November 26, 2014

O God, who knowest us to be set in the midst of so many dangers, that by reason of the frailty of our nature we cannot always stand upright (Collect for the fourth Sunday after the Epiphany, The Book of Common Prayer (1662))

Dr Paul Newland of the Department of Theatre, Film, and Television Studies was the guest lecturer on the Art/Sound module this morning. (I wish I could have been there!):

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9.00 am. Two, 1-hour MA Fine Art tutorials.  I encouraged both to atomize their painting — to isolate the components of their practice, and to understand and further them singularly and in relation to each other. The components form two entirely different sets. For the one student, the set comprises: time, distance, paint viscosity, paint medium, rate, impact, and spatter. For the other, the set comprises: pattern, tightness/looseness of paint, scale/size, tonality, and opacity of surface.

11.30 pm. A walk and a talk. Since Steve disappeared, the days have become markedly colder and brittle:

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2.00 pm. After a haircut and a late lunch, I uploaded today’s lecture material for student access and moved forward with Matt. 19.17. It’s mechanical work that permits my mind to engage other ideas at the sametime.

6.55 pm. Practice session 1. 7.30 pm. I returned to the Sindebt proposition. So far, I’ve failed to discover a process of smearing and obliterating a handwritten text which was not either obvious or facile. If I were my student, I’d be saying to me:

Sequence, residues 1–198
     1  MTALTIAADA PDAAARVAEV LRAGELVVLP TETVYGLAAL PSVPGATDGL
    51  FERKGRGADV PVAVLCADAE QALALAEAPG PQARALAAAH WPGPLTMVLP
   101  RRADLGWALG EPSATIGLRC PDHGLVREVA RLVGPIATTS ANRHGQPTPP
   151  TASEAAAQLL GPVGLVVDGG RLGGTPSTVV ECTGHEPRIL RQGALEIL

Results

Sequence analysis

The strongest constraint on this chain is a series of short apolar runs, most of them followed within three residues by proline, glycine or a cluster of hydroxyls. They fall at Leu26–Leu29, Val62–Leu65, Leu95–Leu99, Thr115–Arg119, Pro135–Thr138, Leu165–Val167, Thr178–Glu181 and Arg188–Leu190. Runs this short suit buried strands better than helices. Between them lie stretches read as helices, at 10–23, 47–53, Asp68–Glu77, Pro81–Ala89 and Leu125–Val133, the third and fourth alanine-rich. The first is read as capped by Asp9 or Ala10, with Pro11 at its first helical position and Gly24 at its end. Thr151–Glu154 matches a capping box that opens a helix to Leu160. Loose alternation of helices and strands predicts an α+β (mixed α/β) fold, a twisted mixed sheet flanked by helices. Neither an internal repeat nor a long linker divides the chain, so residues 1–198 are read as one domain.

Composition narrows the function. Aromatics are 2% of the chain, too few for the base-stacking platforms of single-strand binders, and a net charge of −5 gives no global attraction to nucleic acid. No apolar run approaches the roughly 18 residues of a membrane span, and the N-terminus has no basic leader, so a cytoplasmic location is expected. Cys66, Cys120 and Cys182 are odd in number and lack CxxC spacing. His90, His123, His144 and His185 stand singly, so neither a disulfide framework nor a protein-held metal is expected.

• Don’t expect a solution to be delivered into your lap. Work for it!
  • The answer may lie in something else you’ve done recently.
  • Are you thinking manually only or technologically also?
  • If the text had been spoken rather than written, then what would you do?
  • Acknowledge your expectations. Then erase them.
  • Think more about the nature of the support.
  • Does the size of the handwriting determine the scale of the work?
  • What’s wrong with ‘obvious’ and ‘facile’?

9.45 pm. Practice session 2. 10.40 pm. ‘The night watch’. Dealt with a few outstanding purchases of materials, appraised the progress of a number of recent projects, and reflected on the day that has been.

Images taken from Stephen Chilton’s website of his Dark Light Series (2013):

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They are abstract paintings that slowly evolved through the judicious application of ethereal, luminous colour (reminiscent of the northern lights), variously stained, washed over, poured, rolled, lightly brushed upon, and sunk beneath the warp and weave of the canvas. The resultant images are visual metaphors that, through the process of multiple, thin, translucent overlays, evoke — what the English painter Samuel Palmer (1805-81), referring to the Creation, spoke of as — ‘the veil of heaven, through which her divine features are dimly smiling’. Steve’s creations, likewise, offer a partial and tantalizing vision: a promissory and an anticipation of that more perfect and satisfying ground of being that beckons from beyond.

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